This post is part of a four-part series on Mogolian Naadam (Three Manly Sports). Naadam is a festival traditionally held within the first half of July every year in Mongolia. You can read the other sections here: Wrestling, Archery, Ankle Bones.
“Summer, when there is least work to do and the pasture is at its best, is the horse-racing season.”
-Owen Lattimore (Nomads and Commissars, p. 17)
Horse racing is the first of the three manly sports I wish to talk about. Each sport is played in order to make a better soldier, and since the Mongolians were known for their equestrian skills, it should come as no surprise that they cherish the horse race.
Horses are divided into differing ages and breeds, and given a very long distance to traverse. People usually show up to see the start, leave, and then return to see the finish several hours later. Races usually are at distances of 25 or 50 kilometers, seeing racers start at daybreak (most races start around 5AM). The bigger Naadams, such as the one in Ulaan Baatar, have cars with TV crews following the racers for the entirety of the race, allowing most to watch the lengthy races from home or at a small restaurant.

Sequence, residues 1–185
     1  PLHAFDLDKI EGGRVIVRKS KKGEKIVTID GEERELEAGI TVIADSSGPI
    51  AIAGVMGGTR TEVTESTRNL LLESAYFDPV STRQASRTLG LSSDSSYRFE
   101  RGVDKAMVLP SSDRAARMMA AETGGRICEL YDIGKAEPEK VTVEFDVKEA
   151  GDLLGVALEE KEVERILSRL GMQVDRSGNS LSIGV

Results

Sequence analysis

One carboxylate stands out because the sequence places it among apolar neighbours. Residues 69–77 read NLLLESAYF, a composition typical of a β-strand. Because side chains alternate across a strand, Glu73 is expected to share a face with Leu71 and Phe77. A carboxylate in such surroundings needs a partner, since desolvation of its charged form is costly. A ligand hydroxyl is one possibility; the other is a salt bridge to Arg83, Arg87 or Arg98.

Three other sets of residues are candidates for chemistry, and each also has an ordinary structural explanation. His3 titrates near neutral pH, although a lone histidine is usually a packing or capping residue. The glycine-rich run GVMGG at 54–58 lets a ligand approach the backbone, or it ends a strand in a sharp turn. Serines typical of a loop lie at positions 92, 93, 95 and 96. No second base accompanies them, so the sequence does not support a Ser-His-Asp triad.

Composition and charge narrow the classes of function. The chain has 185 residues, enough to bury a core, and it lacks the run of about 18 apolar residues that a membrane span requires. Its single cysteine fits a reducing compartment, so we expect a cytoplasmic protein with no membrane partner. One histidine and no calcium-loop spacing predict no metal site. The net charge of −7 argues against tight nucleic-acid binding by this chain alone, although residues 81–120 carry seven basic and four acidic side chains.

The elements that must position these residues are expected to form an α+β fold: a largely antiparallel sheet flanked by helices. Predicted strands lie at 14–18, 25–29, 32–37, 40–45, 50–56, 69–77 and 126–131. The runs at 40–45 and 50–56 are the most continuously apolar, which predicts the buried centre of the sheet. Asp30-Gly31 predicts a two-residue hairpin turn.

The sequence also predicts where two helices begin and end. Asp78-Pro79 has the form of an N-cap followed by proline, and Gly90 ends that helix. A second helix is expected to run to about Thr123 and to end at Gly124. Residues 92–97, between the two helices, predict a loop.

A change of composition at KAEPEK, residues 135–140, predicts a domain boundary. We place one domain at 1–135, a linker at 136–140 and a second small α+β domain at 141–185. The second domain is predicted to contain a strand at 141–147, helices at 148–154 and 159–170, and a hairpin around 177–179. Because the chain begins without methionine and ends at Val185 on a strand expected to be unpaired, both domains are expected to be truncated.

The riders are always young boys. I have heard that some girls used to race, but I have yet to see a female rider in my time here. The boys are usually very young; I don’t believe anyone who has reached far into the double digits is considered to be a serious contender anymore. They are also very compact, as one would expect a good jockey to be. A few of my smallest students have told me they race in the city’s Naadam, and during a lesson I observed about that very topic, they beamed with pride as they explained the intricacies of the race (all of which were lost on me, as my language skills could not keep up with their quick tongues).
At the conclusion of the race, the winning horses (top 3) are brought to the main announcement booth/stage area. The riders are presented with a bowl of airag (fermented mare’s milk), from which they drink, and then, much to the horses displeasure, the horse’s hindquarters and splashed with the milk as well. A poem is then recited about the horse while the boy is awarded his medal. With that, the race is officially over, and the jockeys take a well deserved rest.